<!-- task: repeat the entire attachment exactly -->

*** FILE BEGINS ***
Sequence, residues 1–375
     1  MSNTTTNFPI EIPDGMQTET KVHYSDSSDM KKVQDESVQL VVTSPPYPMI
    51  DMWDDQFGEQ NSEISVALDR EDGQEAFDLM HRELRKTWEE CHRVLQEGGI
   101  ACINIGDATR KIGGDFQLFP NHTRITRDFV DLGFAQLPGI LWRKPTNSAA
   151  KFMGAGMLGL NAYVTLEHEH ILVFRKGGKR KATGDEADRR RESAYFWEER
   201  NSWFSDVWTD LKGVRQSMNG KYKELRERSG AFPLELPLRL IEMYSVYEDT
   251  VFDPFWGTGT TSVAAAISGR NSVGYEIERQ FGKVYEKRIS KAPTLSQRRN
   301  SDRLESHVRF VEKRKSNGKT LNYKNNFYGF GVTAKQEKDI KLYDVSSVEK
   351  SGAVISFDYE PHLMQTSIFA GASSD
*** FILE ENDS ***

Sequence, residues 1–375
     1  MSNTTTNFPI EIPDGMQTET KVHYSDSSDM KKVQDESVQL VVTSPPYPMI
    51  DMWDDQFGEQ NSEISVALDR EDGQEAFDLM HRELRKTWEE CHRVLQEGGI
   101  ACINIGDATR KIGGDFQLFP NHTRITRDFV DLGFAQLPGI LWRKPTNSAA
   151  KFMGAGMLGL NAYVTLEHEH ILVFRKGGKR KATGDEADRR RESAYFWEER
   201  NSWFSDVWTD LKGVRQSMNG KYKELRERSG AFPLELPLRL IEMYSVYEDT
   251  VFDPFWGTGT TSVAAAISGR NSVGYEIERQ FGKVYEKRIS KAPTLSQRRN
   301  SDRLESHVRF VEKRKSNGKT LNYKNNFYGF GVTAKQEKDI KLYDVSSVEK
   351  SGAVISFDYE PHLMQTSIFA GASSD